Movie review: 'Check'- 2.5/5

3 months ago 17

Story: Aditya (Nithiin) is a death row prisoner facing charges of terrorism. His only hope for living lies in the game of chess.

Review: National and Nandi Award winner, director Chandrasekhar Yeleti, returns to Tollywood after 2016 with the prison drama Check. While his attempt is to tell the tale of a prisoner who is desperate to prove his innocence, the strange ‘commercial’ treatment the film gets ensures it ends up being a mixed bag.

Aditya (Nithiin) is facing serious charges of terrorism and is sentenced to death. He appeals to the court to appoint him a lawyer who will help him prove his innocence. Manasa (Rakul Preet Singh) is forced to take up the case by her father (Posani Krishna Murali) in hope that her career will benefit from it. Even as Aditya waits in hope of finding a way to escape death sentence, he meets a chess player, fellow prisoner Sriman Narayana (Sai Chand) who excels at the game. While the student soon surpasses the master in the game, life keeps throwing curveballs. If he manages to live to tell the tale forms the story.

In the early 2000s when Chandrasekhar Yeleti made films like Aithe and Anukokunda Oka Roju, it was hard not to be in awe of the stories he told. This still remains the case for the most part when it comes to the core story of Check. Instead of the usual heroic protagonists who will defy gravity and nary shed a tear, he writes a protagonist who is in a vulnerable position for no fault of his own.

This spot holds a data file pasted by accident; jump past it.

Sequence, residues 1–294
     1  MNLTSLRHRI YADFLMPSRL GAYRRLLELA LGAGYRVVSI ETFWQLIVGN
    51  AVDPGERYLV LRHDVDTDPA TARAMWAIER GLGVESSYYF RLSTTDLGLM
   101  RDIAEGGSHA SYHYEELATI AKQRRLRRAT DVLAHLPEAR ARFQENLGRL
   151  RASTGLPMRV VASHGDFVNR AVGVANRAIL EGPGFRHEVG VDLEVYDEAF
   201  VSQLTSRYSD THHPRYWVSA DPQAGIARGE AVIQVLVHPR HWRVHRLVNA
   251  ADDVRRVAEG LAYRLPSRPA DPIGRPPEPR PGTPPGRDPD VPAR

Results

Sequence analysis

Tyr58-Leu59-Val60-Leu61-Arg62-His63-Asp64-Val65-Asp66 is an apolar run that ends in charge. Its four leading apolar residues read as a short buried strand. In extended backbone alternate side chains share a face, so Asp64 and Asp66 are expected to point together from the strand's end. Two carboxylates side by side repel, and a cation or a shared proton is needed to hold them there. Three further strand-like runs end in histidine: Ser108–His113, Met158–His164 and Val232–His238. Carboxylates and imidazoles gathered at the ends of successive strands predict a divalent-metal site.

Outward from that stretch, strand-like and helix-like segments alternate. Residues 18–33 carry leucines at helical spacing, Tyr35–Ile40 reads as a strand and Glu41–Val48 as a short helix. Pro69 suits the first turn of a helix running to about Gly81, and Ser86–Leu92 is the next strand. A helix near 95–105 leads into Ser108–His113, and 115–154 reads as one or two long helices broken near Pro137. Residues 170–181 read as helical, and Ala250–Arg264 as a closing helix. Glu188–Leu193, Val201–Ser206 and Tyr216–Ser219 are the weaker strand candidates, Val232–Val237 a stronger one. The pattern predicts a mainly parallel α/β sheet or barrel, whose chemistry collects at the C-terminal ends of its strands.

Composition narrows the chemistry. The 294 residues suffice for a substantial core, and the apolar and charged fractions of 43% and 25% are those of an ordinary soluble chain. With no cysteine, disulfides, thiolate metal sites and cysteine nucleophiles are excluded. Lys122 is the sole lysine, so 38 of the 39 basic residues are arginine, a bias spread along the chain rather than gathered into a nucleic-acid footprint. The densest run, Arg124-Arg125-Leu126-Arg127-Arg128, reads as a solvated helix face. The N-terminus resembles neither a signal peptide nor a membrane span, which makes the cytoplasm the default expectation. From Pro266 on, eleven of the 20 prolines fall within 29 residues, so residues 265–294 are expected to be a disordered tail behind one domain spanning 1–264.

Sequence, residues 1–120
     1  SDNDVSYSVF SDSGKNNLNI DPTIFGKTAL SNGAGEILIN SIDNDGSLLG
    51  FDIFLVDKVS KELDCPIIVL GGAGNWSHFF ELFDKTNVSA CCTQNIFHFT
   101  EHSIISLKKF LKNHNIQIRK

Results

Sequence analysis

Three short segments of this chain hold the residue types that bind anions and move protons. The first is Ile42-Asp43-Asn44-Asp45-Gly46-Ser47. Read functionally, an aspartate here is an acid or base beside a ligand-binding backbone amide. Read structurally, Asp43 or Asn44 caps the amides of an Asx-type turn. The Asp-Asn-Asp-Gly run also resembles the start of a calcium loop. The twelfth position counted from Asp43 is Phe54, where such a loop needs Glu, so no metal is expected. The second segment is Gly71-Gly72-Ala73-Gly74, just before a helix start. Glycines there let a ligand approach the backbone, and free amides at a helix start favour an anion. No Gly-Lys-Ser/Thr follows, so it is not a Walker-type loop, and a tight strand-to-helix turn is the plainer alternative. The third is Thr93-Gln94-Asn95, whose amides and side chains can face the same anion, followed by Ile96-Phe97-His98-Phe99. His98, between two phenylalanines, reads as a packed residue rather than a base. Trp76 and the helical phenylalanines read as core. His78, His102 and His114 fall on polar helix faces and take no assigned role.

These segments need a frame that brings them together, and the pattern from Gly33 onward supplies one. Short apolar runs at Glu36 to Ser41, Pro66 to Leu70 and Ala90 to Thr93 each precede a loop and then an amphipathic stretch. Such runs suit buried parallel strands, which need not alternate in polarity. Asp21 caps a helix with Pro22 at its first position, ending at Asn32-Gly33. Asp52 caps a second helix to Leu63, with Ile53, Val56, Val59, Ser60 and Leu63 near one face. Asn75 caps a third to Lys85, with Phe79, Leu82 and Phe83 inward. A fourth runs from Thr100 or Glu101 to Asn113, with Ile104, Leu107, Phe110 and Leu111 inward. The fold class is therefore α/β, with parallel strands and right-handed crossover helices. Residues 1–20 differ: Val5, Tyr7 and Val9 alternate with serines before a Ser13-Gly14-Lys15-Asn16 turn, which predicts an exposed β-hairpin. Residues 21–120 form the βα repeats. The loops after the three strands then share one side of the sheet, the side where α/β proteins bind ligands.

He experiences trauma due to solitary confinement, but manages to turn even that experience into a useful one. He also faces threat from fellow prisoners like Trigger (Rohit Pathak), who exists to tick off the box of that disgusting, ruthless, cliché criminal. And more importantly, he falls in love with Yatra (Priya Prakash Varrier) only to sing a duet (thankfully the only song in the film) and realise too late that he has been conned. An irony, seeing as how he’s a professional conman who’s supposed to be intelligent. None-the-less, Chandrasekhar dredges on, in hope that in midst of all the random, heavily choreographed fight scenes, the audience notices the details that have been put in, especially when it comes to Aditya’s backstory and the reason why he gets so good at chess.

But the film suffers a major drawback when it comes to its pacing and casting both. Nithiin falters in some key scenes to lend the required depth to his character, while he aces through other bits. Even though he plays a conman/prisoner, his body language comes across as every boy-next-door he has ever played before. The background score by Kalyani Malik tries too hard to set the mood, working only in parts. Rakul on the other hand gives a good performance, switching between timid and fierce, as and when required. Sai Chand leaves an impression, even if his character isn’t fleshed out well. Priya and Simran Choudhary also make the best of what they’re given. The climax is way too reminiscent of a certain famous American prison drama.

Check has the potential to be an engaging prison drama but falters in portions it’s supposed to excel in. It does have good bits and potential, but if you’re a fan of engaging prison dramas, it might leave you wanting. And despite it all, to his credit, Yeleti does make you want to stay invested till the end.

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